3. When you go to see a doctor, ensure they accept PIP before you get treated by them. Tell the person you check in with to bill PIP, and give him or her the PIP claim number, plus the contact information for the claims representative.

Additional PIP Medical Coverage Rules

There are several other significant rules related to PIP insurance you need to consider.

  1. What Do I Do if I Run Out of PIP Medical Benefits? You can sometimes find another policy that will provide you with more PIP medical benefits. For example, if you were injured as a passenger, PIP will first be provided under the policy of the vehicle owner. If you use all of those PIP benefits, you can then make a claim for PIP under your own insurance policy (if you have one). If you don’t have your own PIP insurance, you can try to get your health insurer to pay your medical expenses. Beware that some health insurers will not pay for medical expenses necessitated by a motor vehicle accident that was someone else’s fault. Be sure to check with your health insurer.
  2. Can PIP Require Me to See a Doctor of Its Choosing? Yes. Your insurance company may require you to attend a medical examination to determine whether the treatment is indeed reasonable or necessary. This is sometimes called an independent medical exam.
  3. Can PIP Have My Medical Records Reviewed? Yes. Sometimes, your PIP insurer will have your medical records reviewed to determine whether  treatment was reasonable or necessitated by injuries sustained in the accident. It may refuse to pay for medical treatment if it determines the treatment was unreasonable. For example, it may refuse to pay for chiropractic treatment if you had been seeing the chiropractor for a long time.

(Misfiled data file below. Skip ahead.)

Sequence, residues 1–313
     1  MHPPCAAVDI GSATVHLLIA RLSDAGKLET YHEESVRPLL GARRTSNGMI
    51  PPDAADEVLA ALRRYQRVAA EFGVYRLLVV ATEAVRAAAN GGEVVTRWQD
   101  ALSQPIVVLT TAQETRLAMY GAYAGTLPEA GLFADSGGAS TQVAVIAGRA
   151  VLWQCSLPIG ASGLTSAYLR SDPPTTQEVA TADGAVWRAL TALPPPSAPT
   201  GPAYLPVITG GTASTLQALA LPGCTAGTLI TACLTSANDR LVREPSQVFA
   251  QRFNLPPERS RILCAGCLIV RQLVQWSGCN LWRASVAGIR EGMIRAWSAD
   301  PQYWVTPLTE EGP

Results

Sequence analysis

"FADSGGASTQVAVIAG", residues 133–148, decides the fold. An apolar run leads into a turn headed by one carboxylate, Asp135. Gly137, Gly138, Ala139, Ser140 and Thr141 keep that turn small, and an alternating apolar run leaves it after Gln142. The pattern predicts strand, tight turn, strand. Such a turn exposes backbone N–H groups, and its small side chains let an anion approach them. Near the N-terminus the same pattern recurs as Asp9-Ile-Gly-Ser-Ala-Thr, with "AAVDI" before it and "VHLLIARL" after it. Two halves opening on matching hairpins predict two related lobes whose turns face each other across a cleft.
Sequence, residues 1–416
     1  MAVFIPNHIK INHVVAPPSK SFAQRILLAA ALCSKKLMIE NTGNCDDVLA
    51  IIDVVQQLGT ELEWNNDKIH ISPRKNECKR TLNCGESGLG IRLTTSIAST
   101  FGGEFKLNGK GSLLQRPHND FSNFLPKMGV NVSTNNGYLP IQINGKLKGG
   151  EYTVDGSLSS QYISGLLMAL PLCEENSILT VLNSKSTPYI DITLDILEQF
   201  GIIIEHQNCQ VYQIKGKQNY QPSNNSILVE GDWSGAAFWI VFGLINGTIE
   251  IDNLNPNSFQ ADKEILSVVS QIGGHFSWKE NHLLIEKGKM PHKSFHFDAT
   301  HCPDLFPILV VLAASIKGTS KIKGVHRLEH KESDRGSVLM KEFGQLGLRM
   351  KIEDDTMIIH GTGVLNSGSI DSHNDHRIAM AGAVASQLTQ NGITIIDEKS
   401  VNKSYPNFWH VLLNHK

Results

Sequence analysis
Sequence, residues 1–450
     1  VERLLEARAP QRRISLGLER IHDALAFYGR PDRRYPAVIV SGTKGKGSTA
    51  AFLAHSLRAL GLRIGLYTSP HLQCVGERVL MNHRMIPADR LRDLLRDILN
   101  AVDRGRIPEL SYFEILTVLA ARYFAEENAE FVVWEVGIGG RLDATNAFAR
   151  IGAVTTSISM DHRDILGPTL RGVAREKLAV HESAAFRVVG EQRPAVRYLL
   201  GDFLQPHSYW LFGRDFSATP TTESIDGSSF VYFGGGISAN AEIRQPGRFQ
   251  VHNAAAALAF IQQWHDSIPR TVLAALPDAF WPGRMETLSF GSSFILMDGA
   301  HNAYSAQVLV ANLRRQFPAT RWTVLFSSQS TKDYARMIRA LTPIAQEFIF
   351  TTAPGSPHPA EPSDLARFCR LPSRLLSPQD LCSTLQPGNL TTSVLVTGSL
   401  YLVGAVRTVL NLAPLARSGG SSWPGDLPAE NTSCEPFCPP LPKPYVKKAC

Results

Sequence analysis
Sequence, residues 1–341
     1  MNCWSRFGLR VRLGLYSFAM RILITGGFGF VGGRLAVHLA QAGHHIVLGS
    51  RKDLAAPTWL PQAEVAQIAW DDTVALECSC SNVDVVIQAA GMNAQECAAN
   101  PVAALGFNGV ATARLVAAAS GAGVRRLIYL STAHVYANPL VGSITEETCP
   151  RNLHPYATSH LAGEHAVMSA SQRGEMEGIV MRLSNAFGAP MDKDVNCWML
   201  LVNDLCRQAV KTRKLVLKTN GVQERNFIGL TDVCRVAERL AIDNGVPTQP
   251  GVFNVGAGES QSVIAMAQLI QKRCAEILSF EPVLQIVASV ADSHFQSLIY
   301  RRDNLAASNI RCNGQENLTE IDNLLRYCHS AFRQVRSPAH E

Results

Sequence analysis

What Do I Do If I Run Out of Pip Lost Income Benefits?

Just like with PIP medical benefits, you can sometimes find another policy that will provide you with more PIP wage loss benefits. If you do, you can get another 52 weeks of PIP wage loss benefits for a total of 104 weeks of wage loss benefits!

What to Do if Your PIP Insurer Refuses to Pay Benefits?

Talk to an attorney immediately if your PIP insurer refuses to pay your medical bills or wage loss. Contact a specialized car accident lawyer who is fluid in insurance law to discuss your options. When choosing your personal injury lawyer, be sure they’re local and have plenty of experience with court cases.

Lastly: Can PIP Refuse to Pay My Medical Bills? Yes, it can but it rarely does. It’s within its rights to refuse payments of any medical bills for treatment that was not “reasonable or necessitated”. Remember – it only pays for injuries sustained in a car accident. All medical bills are presumed to be reasonable and necessary if the insurance company doesn’t provide you and your medical provider with a written refusal notice within 60 days of receiving the bill.

If you need help wrangling your insurance company – Gary R. Johnson Law is here to help and advocate for you.

We never charge for an initial consultation, so give us a call today.